Viscoelastic methods and ROTEM/ClotPro machines examine the coagulation status and mechanical properties of the coagulum in real time during its formation, stabilization and lysis. The examination can be performed immediately after blood collection. They are also referred to as "bedside" tests. The advantage of viscoelastic methods lies in the speed of examination and the possibility of targeted therapy - targeted choice of transfusion products according to the results, reduction of their consumption and reduction of stress for the patient’s organism. They can be used successfully in the treatment of life-threatening bleeding in severe trauma, evaluation of the haemocoagulation status before or during surgery. The interactive algorithm explains the use and interpretation of viscoelastic methods and aims to show various results of the analysis and their solutions.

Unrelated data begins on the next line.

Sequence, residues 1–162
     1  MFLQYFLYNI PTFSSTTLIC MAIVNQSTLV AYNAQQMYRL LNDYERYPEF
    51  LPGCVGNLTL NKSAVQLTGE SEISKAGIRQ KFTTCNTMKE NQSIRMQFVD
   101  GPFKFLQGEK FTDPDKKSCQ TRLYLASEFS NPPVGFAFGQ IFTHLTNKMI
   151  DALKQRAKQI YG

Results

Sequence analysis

The applications of viscoelastic methods in perioperative care and in the management of life-threatening bleeding are nowadays necessary and important. The great advantage of these methods, in contrast to laboratory hemocoagulation tests, is the evaluation of the whole process of clot formation and its lysis in a very short time. They are done at the patient's bedside without the need of transportation to the laboratory. The validity of this approach is supported by the physiology and pathophysiology of a relatively new "cellular model of hemostasis". Thanks to a simple algorithm, rapid differential diagnosis of coagulopathy is possible, from the diagnosis of deficiency of coagulation factor or platelets, hyperfibrinolysis to the presence of the latest oral anticoagulants. The algorithm presents an everyday situation, in which thanks to the rapid diagnosis of coagulopathy, it is possible to target the necessary coagulation factors and a specific antidote. This approach prevents unnecessary and excessive administration of plasma and other coagulation factors. The unjustified administration of these may expose the patient to the risk of thrombosis or other associated complications.
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